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Charles, William seek end to booming illegal wildlife trade
Press Trust of India
London, 9 February
In an unusual move, Britain’s Prince Charles and his elder son William have jointly issued a multi-lingual global plea to help stop the booming illegal wildlife trade and save endangered animals like elephants, rhinos and tigers.
The release of the message of Prince Charles and Prince William came at a time when Britain’s The Sun newspaper reported that the Duke of Cambridge was in Spain on a shooting holiday with younger brother Prince Harry, where the pair will hunt wild boar and stag on the private estate of William’s Godfather, the Duke of Westminster.
In the pre-recorded seven-minute video, the father and the son, speak emotively about the death of endangered species, including elephants, which the Prince of Wales said are being slaughtered at a rate of 100 per day.
Their first-ever joint video message was released ahead of a major international conference in London on Thursday to help eradicate illegal wildlife trade and better protect the world’s most iconic species from the threat of extinction.
“We have come together, as father and son, to lend our voices to the growing global effort to combat the illegal wildlife trade ~ a trade that has reached such unprecedented levels of killing and related violence that it now poses a grave threat not only to the survival of some of the world’s most treasured species, but also to economic and political stability in many areas around the world,” 65-year-old Prince Charles, the heir to Queen Elizabeth II, said.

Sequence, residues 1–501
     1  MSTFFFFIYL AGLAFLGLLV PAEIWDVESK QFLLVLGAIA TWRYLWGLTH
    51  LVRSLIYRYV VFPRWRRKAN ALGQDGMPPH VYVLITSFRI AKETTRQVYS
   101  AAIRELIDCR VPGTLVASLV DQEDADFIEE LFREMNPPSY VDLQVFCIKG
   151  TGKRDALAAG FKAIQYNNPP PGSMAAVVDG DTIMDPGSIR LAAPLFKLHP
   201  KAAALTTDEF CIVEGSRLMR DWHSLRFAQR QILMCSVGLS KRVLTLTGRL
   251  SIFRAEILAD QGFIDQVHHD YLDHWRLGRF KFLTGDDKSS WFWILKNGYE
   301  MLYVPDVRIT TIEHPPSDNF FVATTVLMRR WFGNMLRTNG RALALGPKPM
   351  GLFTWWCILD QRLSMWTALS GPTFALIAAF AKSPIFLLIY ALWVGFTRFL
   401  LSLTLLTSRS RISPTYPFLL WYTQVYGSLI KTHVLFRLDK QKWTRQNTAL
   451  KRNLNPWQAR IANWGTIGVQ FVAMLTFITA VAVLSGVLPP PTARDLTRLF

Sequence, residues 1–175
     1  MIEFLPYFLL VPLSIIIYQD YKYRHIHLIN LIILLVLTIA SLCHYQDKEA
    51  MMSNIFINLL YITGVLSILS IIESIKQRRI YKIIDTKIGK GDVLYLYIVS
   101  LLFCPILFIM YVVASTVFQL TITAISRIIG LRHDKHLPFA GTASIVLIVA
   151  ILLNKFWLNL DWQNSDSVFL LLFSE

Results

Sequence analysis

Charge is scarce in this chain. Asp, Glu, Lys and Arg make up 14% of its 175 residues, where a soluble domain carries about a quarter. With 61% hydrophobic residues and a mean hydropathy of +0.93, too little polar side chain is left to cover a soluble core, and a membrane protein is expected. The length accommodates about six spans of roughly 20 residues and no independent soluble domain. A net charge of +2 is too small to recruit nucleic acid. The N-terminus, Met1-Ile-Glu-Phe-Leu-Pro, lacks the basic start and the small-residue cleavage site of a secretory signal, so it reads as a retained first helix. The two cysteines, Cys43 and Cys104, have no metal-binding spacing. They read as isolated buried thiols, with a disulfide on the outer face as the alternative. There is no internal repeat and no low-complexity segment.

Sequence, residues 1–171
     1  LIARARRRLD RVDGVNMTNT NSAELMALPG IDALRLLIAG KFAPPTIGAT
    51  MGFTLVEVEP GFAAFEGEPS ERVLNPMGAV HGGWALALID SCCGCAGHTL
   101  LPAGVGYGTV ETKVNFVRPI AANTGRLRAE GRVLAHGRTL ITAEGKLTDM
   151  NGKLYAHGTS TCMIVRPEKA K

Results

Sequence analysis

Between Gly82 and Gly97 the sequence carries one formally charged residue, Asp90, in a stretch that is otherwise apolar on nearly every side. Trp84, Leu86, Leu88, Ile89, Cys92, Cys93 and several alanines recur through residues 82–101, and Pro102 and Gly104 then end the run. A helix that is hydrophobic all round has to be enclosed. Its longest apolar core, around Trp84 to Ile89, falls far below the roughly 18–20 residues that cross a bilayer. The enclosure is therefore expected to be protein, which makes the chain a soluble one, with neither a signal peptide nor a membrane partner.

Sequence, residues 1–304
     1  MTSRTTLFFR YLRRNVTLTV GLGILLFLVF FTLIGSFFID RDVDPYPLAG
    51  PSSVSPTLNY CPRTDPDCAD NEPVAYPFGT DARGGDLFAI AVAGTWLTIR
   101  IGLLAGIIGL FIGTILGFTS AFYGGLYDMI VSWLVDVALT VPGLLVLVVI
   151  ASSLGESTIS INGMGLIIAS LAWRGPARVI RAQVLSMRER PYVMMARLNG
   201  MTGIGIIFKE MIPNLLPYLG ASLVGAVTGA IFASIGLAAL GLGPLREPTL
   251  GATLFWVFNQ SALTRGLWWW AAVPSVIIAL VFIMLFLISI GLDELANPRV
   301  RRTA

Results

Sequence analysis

In the message, recorded at Clarence House in November, Charles says: “More than 30,000 elephants were killed last year, amounting to nearly 100 deaths per day.”
“In the past 10 years, 62 per cent of African forest elephants have been lost. If this rate continues, the forest elephant will be extinct within ten years. A rhinoceros is killed every 11 hours. As recently as 100 years ago, there were as many as 1,00,000 wild tigers living in Asia. Today, there are believed to be fewer than 3,200 left in the wild,” Prince Charles, also
president of the
wildlife charity WWF-UK, says.
William, the Duke of Cambridge, said the birth of his son, Prince George, has fuelled his passion to protect endangered species and their habitats.
“This year, I have become even more devoted to protecting the resources of the Earth for not only my own son but also the other children of his generation to enjoy,” he said. “I want them to be able to experience the same Africa that I did as a child,” 31-year-old William said.
In the video, Prince Charles is heard for the first time speaking in Mandarin before using his Arabic and Spanish. Then William speaks in Swahili and in Vietnamese.
William, who quit the British military last year, is to head a new global conservation group called United for Wildlife.